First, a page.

They were, of course, starkly different men, Bush an outgoing former college cheerleader from a privileged family background who delighted in bestowing nicknames, conquered his own demons with a ferocious midlife discipline, and preferred the big picture; Cheney a onetime electrical lineman who worked his way up to some of the most important jobs in Washington by mastering the intricacies of governance, ultimately becoming the grim eminence of a wartime White House.

But they shared more in their backgrounds than many recognized. Both were raised in the West and identified with its frontier spirit. Both made their way east to the halls of Yale University, only to become disenchanted by what they found to be an elitist culture. Both partied robustly as young men and had run-ins with the law, only to get their acts together after the women in their lives finally put their feet down. Both admired Winston Churchill to the point of displaying busts of the legendary prime minister, seeking to emulate his relentless strength in the face of overwhelming odds.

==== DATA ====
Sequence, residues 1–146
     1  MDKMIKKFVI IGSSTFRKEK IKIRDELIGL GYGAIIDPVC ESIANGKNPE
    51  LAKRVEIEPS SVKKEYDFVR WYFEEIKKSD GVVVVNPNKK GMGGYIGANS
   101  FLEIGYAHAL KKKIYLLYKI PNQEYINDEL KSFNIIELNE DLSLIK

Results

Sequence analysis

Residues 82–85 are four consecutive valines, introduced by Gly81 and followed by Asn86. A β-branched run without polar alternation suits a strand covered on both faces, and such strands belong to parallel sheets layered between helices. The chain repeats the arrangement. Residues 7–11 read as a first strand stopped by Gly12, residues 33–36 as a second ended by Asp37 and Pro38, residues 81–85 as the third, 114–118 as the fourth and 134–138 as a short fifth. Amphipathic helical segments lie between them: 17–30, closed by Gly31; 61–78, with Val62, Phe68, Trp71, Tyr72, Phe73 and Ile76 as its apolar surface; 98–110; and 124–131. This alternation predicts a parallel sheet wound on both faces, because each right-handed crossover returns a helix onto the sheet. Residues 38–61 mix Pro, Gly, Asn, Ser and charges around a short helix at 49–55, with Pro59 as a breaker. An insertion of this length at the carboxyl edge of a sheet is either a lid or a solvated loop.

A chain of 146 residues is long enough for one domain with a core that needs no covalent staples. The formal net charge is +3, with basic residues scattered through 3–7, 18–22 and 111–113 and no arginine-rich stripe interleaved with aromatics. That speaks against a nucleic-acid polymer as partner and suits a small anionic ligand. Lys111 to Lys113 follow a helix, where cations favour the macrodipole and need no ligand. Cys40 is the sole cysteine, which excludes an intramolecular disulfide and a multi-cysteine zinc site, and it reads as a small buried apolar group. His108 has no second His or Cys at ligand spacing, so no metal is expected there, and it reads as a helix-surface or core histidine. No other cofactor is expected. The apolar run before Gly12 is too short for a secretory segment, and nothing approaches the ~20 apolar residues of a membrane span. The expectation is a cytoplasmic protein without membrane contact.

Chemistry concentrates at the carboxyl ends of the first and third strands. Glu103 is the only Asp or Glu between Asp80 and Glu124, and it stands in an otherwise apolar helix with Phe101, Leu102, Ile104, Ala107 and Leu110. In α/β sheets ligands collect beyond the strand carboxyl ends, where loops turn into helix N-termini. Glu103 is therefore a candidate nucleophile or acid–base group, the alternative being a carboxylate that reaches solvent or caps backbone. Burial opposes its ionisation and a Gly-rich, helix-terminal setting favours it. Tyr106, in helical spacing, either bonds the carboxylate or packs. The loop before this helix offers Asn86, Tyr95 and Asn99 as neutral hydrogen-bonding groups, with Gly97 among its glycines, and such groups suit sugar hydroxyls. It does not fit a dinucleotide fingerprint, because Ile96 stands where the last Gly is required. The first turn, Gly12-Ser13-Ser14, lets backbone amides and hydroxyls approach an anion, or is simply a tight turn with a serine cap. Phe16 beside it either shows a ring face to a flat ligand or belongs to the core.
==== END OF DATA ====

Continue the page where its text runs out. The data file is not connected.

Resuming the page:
They both had a sense of humor too, though of markedly different brands. Where Bush was jocular and sometimes goofy, making faces on his campaign plane or enjoying an aide’s whoopee cushion prank, Cheney was dry and understated, slipping in an ironic comment and then lifting the corner of his mouth into his trademark crooked grin. As it happened, they shared the same target for their humor: Cheney. Bush enjoyed poking fun at his vice president’s bad aim and penchant for secrecy. “Dick here sent over a gift I could tell he’d picked out personally,” Bush said when his daughter Jenna got engaged to be married. “A paper shredder.” Cheney embraced his own dark reputation. Once his friend David Hume Kennerly greeted him teasingly by saying, “Hi, Dick. Have you blown away any small countries this morning?” Without missing a beat, Cheney replied, “You know, that’s the one thing about this job I really love.” At one point, he puckishly tried on a Darth Vader mask his aides had bought and posed for a picture. When Cheney later tried to put the picture in his memoir, Lynne Cheney talked him out of it.

Popular mythology had Cheney using the dark side of the force to manipulate a weak-minded president into doing his bidding. The image took on such power that books were written about “the co-presidency” and “the hijacking of the American presidency.” Late-night comedians regularly turned to the same theme. Conan O’Brien joked that Cheney had told an interviewer, “I’ll really miss being president.” Jimmy Kimmel joked that Cheney “doesn’t regret any of the decisions he made, and if he had to do it all over again, he would order President Bush to do exactly the same thing.”